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Sudanese Rebel Group Appeals for Help Against Government Attacks - 2004-01-04


A rebel group in the troubled Darfur region of western Sudan has appealed for help, following what it said was an attack by government troops and allied militias.

A spokesman for the Sudan Liberation Army, Ahmed Abdel-Shafi Yagoub, is urging the United Nations and international agencies to help injured and displaced people in Zalingei Province and protect them from further government attacks.

He said government troops and allied militias invaded Sorra on Friday, killing about 200 people with mortars and artillery. Sorra had a population of about 500.

"The village is completely destroyed now - it is just smoke," he said. "The properties were looted. There is nothing, there is no life in the village."

Mr. Yagoub said thousands of people have fled the area. Many of the survivors are badly injured, he says, but have no hope of receiving medical care.

Bitter warfare has stepped up in Darfur in recent months between rebels, the Sudanese government, and Arab militias that many observers say are allied to the government.

The conflict started early last year as a protest against perceived economic neglect by the government. Last month, the U.N. children's agency said the area is experiencing extreme human-rights violations and that more than 750,000 people have been displaced by the war in Darfur.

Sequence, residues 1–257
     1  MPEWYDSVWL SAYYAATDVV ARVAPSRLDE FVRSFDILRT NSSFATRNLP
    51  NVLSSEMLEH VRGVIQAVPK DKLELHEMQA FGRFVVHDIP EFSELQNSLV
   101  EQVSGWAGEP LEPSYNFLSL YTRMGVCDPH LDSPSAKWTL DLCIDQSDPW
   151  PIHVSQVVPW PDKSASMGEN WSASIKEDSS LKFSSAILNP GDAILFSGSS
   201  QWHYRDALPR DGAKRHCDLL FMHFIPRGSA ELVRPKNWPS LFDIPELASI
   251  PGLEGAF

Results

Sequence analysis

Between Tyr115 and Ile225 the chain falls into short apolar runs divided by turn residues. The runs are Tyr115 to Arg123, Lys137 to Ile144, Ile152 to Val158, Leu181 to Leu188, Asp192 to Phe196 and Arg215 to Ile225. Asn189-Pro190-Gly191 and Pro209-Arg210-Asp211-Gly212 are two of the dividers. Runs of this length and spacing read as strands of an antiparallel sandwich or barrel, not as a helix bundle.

Mr. Yagoub said the conflict has taken on a racial dimension. "This one is a policy of the government - trying to push the population out of the area, which has no explanation other than ethnic cleansing," he said.

The Sudanese government denies that the Darfur conflict is ethnically motivated.

A source with the Sudanese government, who asked not to be named, said that war in Darfur was sparked because development was not balanced in the Darfur region, and that any fighting is just an act of armed gangs.

Within the past few years, says the source, the Sudanese government has made a very huge effort to develop the Darfur region and it has received more development assistance than any other region.

The source says Eritrea and some Sudanese political parties are supporting the rebels. According to the government, the rebels should be held responsible for the collapse of peace talks last year between the government and the rebels.

A cease-fire signed between the two in September also appears to have been violated.

Sudan's government and another rebel group, the Sudan People's Liberation Army, are not discussing the Darfur conflict during peace talks in the Kenyan town of Naivasha.